Laage R, Ungermann C. The N-terminal domain of the t-SNARE Vam3p coordinates priming and docking in yeast vacuole fusion. Mol Biol Cell 2001; 12(ll):3375–85.PubMedGoogle Scholar
  131. 131.
    Wang L, Merz AJ, Collins KM et al. Hierarchy of protein assembly at the vertex ring domain for yeast vacuole docking and fusion. J Cell Biol 2003; 160(3):365–74.PubMedGoogle Scholar
  132. 132.
    Collins KM, Thorngren NL, Fratti RA et al. Secl7p and HOPS, in distinct SNARE complexes, mediate SNARE complex disruption or assembly for fusion. EMBO J 2005; 24(10): 1775–86.PubMedGoogle Scholar
  133. 133.
    Conibear E, Stevens TH. Vps52p, Vps53p, and Vps54p form a novel multisubunit complex required for protein sorting at the yeast late Golgi. Mol Biol Cell 2000; ll(l):305–23.Google Scholar
  134. 134.
    Liewen H, Meinhold-Heerlein I, Oliveira V et al. Characterization of the human GARP (Golgi associated retrograde protein) complex. Exp Cell Res 2005; 306(1 ):24–34.PubMedGoogle Scholar
  135. 135.
    Siniossoglou S, Pelham HR. An effector of Ypt6p binds the SNARE Tlglp and mediates selective fusion of vesicles with late Golgi membranes. EMBO J 2001; 20(21):5991–8.PubMedGoogle Scholar
  136. 136.
    Panic B, Whyte JR, Munro S. The ARF-like GTPases Arllp and Arl3p act in a pathway that interacts with vesicle-tethering factors at the Golgi apparatus. Curr Biol 2003; 13(5):405–10.PubMedGoogle Scholar
  137. 137.
    Conibear E, Cleck JN, Stevens TH. Vps51p mediates the association of the GARP (Vps52/53/54) complex with the late Golgi t-SNARE Tlglp. Mol Biol Cell 2003; l4(4):1610–23.Google Scholar
  138. 138.
    Kim KA, von Zastrow M. Neurotrophin-regulated sorting of opioid receptors in the biosynthetic pathway of neurosecretory cells. J Neurosci 2003; 23(6):2075–85.Google Scholar
  139. 139.
    Barr FA, Puype M, Vandekerckhove J et al. GRASP65, a protein involved in the stacking of Golgi cisternae. Cell 1997; 91(2):253–62.Google Scholar
  140. 140.
    Barr FA, Nakamura N, Warren G. Mapping the interaction between GRASP65 and GM130, components of a protein complex involved in the stacking of Golgi cisternae. EMBO J 1998; 17(12):3258–68.Google Scholar
  141. 141.
    Puthenveedu MA, Bachert C, Puri S et al. GM130 and GRASP65-dependent lateral cisternal fusion allows uniform Golgi-enzyme distribution. Nat Cell Biol 2006; 8(3):238–48.PubMedGoogle Scholar
  142. 142.
    Kim DW. Characterization of Grplp, a novel cis-Golgi matrix protein. Biochem Biophys Res Commun 2003; 303(l):370–8.PubMedGoogle Scholar
  143. 143.
    Kim DW, Sacher M, Scarpa A et al. High-copy suppressor analysis reveals a physical interaction between Sec34p and Sec35p> a protein implicated in vesicle docking. Mol Biol Cell 1999; 10(10):3317–29.PubMedGoogle Scholar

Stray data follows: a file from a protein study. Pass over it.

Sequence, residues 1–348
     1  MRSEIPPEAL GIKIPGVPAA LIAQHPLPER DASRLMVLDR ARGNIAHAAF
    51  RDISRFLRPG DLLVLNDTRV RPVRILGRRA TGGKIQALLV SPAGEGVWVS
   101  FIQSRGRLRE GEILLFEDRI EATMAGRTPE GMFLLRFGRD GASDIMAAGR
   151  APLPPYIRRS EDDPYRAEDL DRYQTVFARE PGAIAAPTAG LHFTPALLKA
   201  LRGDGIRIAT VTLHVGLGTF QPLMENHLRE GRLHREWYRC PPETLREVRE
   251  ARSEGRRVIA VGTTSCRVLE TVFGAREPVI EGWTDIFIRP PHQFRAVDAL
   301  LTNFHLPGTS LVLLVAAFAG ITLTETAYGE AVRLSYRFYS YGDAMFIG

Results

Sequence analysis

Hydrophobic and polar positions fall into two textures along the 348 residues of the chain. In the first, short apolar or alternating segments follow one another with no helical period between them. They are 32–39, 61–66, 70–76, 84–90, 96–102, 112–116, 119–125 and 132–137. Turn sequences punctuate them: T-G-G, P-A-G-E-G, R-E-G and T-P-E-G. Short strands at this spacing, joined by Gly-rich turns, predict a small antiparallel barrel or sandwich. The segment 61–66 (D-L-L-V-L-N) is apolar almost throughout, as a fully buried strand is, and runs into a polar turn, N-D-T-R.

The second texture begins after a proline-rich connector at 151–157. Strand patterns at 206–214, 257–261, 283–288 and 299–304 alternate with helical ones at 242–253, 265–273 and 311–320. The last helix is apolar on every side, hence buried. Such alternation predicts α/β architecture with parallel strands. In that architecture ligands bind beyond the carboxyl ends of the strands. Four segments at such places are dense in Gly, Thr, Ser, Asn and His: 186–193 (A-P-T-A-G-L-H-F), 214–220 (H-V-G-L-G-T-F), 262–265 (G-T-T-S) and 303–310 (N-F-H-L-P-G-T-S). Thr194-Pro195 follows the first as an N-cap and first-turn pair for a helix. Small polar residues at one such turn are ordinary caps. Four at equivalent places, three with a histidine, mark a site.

144. 144.
    Short B, Preisinger C, Korner R et al. A GRASP55-rab2 effector complex linking Golgi structure to membrane traffic. J Cell Biol 2001; 155(6):877–83.PubMedGoogle Scholar
  145. 145.
    Derby MC, van Vilet C, Brown D et al. Mammalian GRIP domain proteins differ in their membrane binding properties and are recruited to distinct domains of the TGN. J Cell Sci 2004; 117(24):5865–74.PubMedGoogle Scholar
  146. 146.
    Lu L, Tai G, Hong W. Autoantigen Golgin-97, an effector of Aril GTPase, participates in traffic from the endosome to the trans-golgi network. Mol Biol Cell 2004; 15(10):4426–43.PubMedGoogle Scholar
  147. 147.
    Reilly BA, Kraynack BA, VanRheenen SM et al. Golgi-to-endoplasmic reticulum (ER) retrograde traffic in yeast requires Dsllp, a component of the ER target site that interacts with a COPI coat subunit. Mol Biol Cell 2001; 12(12):3783–96.PubMedGoogle Scholar
  148. 148.
    Kraynack BA, Chan A, Rosenthal E et al. Dsllp, Tip20p, and the novel Dsl3(Sec39) protein are required for the stability of the Q/t-SNARE complex at the endoplasmic reticulum in yeast. Mol Biol Cell 2005; l6(9):3963–77.Google Scholar
  149. 149.
    Vanrheenen SM, Reilly BA, Chamberlain SJ et al. Dsllp, an essential protein required for membrane traffic at the endoplasmic reticulum/Golgi interface in yeast. Traffic 2001; 2(3):212–31.PubMedGoogle Scholar
  150. 150.
    Andag U, Neumann T, Schmitt HD. The coatomer-interacting protein dsllp is required for golgi-to-endoplasmic reticulum retrieval in yeast. J Biol Chem 2001; 276(42):39150–60.PubMedGoogle Scholar
  151. 151.
    Andag U, Schmitt HD. Dsllp, an essential component of the Golgi-endoplasmic reticulum retrieval system in yeast, uses the same sequence motif to interact with different subunits of the COPI vesicle coat. J Biol Chem 2003; 278(51):51722–34.PubMedGoogle Scholar
  152. 152.
    Hirose H, Arasaki K, Dohmae N et al. Implication of ZW10 in membrane trafficking between the endoplasmic reticulum and Golgi. EMBO J 2004; 23(6): 1267–78.PubMedGoogle Scholar
  153. 153.
    Arasaki K, Taniguchi M, Tani K et al. RINT-1 regulates the localization and entry of ZW10 to the syntaxin 18 complex. Mol Biol Cell 2006.Google Scholar
  154. 154.
    Orci L, Perrelet A, Rothman JE. Vesicles on strings: Morphological evidence for processive transport within the Golgi stack. Proc Natl Acad Sci USA 1998; 95(5):2279–83.PubMedGoogle Scholar
  155. 155.
    Marra P, Maffucci T, Daniele T et al. The GM130 and GRASP65 Golgi proteins cycle through and define a subdomain of the intermediate compartment. Nat Cell Biol 2001; 3(12):1101–13.PubMedGoogle Scholar
  156. 156.
    Darsow T, Rieder SE, Emr SD. A multispecificity syntaxin homologue, Vam3p, essential for autophagic and biosynthetic protein transport to the vacuole. J Cell Biol 1997; 138(3):517–29.PubMedGoogle Scholar